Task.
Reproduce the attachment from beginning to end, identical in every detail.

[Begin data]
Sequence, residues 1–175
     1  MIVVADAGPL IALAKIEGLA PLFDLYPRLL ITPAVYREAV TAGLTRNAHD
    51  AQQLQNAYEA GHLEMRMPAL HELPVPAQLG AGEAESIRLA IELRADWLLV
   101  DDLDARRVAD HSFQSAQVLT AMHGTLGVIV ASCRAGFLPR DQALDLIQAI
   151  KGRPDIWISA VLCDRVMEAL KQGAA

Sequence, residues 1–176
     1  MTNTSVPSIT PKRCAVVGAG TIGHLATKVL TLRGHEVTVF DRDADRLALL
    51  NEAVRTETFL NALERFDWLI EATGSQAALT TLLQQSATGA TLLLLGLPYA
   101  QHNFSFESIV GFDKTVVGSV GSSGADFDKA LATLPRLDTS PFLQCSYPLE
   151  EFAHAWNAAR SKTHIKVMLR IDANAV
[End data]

Sequence, residues 1–175
     1  MIVVADAGPL IALAKIEGLA PLFDLYPRLL ITPAVYREAV TAGLTRNAHD
    51  AQQLQNAYEA GHLEMRMPAL HELPVPAQLG AGEAESIRLA IELRADWLLV
   101  DDLDARRVAD HSFQSAQVLT AMHGTLGVIV ASCRAGFLPR DQALDLIQAI
   151  KGRPDIWISA VLCDRVMEAL KQGAA

Sequence, residues 1–176
     1  MTNTSVPSIT PKRCAVVGAG TIGHLATKVL TLRGHEVTVF DRDADRLALL
    51  NEAVRTETFL NALERFDWLI EATGSQAALT TLLQQSATGA TLLLLGLPYA
   101  QHNFSFESIV GFDKTVVGSV GSSGADFDKA LATLPRLDTS PFLQCSYPLE
   151  EFAHAWNAAR SKTHIKVMLR IDANAV